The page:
Developing an Information Architecture: A Case Study of 'User Requirements Gathering' for the 'Connections' Website

Prof. Myung Hae Park,
Dr Leonardo Legorreta
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Initiation, engagement, and opportunity to enhance active student engagement in both academic and community are the main goals of "Connections", a central contact point website at California State University, Sacramento. The "Connections" website seeks to connect students and faculty members to opportunities in the community. It is well known that content, information architecture, and navigation are important considerations in the design of a website. Designing coherent information architecture without existing content is not a small task. The information architect requires an understanding of the business and communication objectives of the website along with the profile of the target audiences.

This case study illustrates how to use the information architecture process to gather user requirements, information about what the users need from the website. It illustrates how information architecture is useful to both Design and Business. Both Business and Design seek to understand the user. In Business, for example, viewing a website as a system, development depends on understanding the so-called "problem domain." The information architecture captures the "problem domain"; it understands the user. The first goal of the information architecture is to bring the most interesting and thematic content to a higher level, encouraging exploration and discovery. The second goal is to develop the information hierarchy an easy, pleasurable, and intuitive experience for even the most casual of users.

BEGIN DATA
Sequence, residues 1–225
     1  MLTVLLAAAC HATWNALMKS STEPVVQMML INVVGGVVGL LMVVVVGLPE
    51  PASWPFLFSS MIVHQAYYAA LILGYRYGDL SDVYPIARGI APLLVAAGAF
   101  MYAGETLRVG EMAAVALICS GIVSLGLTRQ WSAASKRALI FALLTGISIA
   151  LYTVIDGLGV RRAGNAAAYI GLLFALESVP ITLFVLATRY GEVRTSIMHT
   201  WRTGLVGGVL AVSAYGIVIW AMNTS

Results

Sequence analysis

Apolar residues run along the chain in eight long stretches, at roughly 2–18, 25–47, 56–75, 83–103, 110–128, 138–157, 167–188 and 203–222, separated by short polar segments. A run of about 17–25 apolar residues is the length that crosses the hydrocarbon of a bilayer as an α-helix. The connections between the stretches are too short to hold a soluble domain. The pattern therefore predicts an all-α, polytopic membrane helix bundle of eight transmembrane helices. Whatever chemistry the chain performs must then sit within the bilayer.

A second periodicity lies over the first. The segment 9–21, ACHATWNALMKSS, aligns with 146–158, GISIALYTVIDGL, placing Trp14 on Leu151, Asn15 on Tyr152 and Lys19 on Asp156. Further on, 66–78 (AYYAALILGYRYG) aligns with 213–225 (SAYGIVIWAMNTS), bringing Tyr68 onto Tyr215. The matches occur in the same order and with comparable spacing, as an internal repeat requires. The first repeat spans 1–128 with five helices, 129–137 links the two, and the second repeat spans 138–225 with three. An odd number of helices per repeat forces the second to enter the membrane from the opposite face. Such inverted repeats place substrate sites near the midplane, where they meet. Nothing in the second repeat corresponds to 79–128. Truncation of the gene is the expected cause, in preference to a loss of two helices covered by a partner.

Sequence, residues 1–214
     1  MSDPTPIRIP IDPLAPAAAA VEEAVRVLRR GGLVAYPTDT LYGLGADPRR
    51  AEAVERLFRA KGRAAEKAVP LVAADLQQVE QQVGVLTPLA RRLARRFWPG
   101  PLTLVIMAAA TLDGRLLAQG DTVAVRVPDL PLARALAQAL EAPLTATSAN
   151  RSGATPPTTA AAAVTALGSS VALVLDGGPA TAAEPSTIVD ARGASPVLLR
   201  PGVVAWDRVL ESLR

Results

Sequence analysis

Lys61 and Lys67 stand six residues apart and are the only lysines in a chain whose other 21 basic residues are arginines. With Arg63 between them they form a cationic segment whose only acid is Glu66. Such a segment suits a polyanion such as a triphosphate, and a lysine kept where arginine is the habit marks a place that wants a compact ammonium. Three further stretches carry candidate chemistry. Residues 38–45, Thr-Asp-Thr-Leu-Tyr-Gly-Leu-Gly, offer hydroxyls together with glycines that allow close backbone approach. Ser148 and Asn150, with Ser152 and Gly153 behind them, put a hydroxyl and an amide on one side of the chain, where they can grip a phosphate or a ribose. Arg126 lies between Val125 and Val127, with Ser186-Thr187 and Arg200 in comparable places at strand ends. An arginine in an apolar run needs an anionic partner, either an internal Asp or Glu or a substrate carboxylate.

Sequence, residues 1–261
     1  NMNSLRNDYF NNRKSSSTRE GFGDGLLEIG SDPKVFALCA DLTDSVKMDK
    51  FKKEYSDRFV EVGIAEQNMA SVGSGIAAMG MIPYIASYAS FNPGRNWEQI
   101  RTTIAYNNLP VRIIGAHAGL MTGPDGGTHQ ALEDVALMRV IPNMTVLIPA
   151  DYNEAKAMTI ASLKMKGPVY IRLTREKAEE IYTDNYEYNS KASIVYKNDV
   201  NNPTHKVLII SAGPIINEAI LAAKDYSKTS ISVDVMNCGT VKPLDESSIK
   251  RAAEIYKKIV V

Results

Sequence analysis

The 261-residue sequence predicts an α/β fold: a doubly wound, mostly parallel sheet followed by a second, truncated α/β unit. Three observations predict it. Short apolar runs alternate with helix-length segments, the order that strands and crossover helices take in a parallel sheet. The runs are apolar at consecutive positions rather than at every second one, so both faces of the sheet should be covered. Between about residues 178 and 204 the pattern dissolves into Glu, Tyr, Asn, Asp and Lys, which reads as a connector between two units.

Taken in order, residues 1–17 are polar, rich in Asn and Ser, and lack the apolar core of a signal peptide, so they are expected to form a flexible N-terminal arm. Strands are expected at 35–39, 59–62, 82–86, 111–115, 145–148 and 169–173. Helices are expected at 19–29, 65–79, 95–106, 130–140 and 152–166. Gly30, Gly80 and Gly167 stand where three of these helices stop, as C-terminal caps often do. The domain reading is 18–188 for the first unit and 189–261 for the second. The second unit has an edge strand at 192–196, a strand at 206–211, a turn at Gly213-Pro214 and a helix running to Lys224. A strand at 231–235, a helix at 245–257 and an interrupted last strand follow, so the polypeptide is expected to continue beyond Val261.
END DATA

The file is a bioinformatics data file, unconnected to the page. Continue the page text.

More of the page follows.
For "Connections" we studied the users' needs and developed three user portraits to guide the thematic content, dividing the entire site into three unified main menus that provide the three different types of users with their own sense of belonging. We conducted surveys to learn what the users thought about their past experiences, prior to "Connections", when trying to find opportunities to engage with the community. The surveys also served to collect their ideas and suggestions on how we could make it easier for them to find out about such opportunities. The research, planning design, and user tests lead to many discoveries that will become a benchmark for other universities developing websites that require unifying distinct user-type experiences.

Keywords: Information Architecture, Usability, User Experience, Problem Domain, Communication
Stream: Human Technologies and Useability
Presentation Type: Virtual Presentation in English
Paper: A paper has not yet been submitted.

Prof. Myung Hae Park

Assistant Professor, Department of Design, California State University, Sacramento

Myung Hae Park is an Assistant Professor of Graphic Design. Her focus on research and design practice is in the area of human interaction, interfaces and usability in technology with an emphasis on web interface design addressing the complex and subtle relationships between technology and communication.

Dr Leonardo Legorreta

Assistant Professor, Management Information Systems Department, California State University, Sacramento

Leonardo is an Assistant Professor in the Management Information Systems Department at CSU, Sacramento. His research interests lie in the impact of technology on business and society and in the application of technology for competitive advantage. He teaches students business software development and consults clients in the areas of marketing and strategy. Leonardo graduated with a Ph.D. in Mathematics from the University of Oregon and worked as a research mathematician before switching to business. He worked as a corporate attorney in Salt Lake City, Utah, before joining the business faculty at the University of Utah where he worked on his Post Doc in MIS. He has been at CSU, Sacramento since Fall 2002.

Ref: T06P0267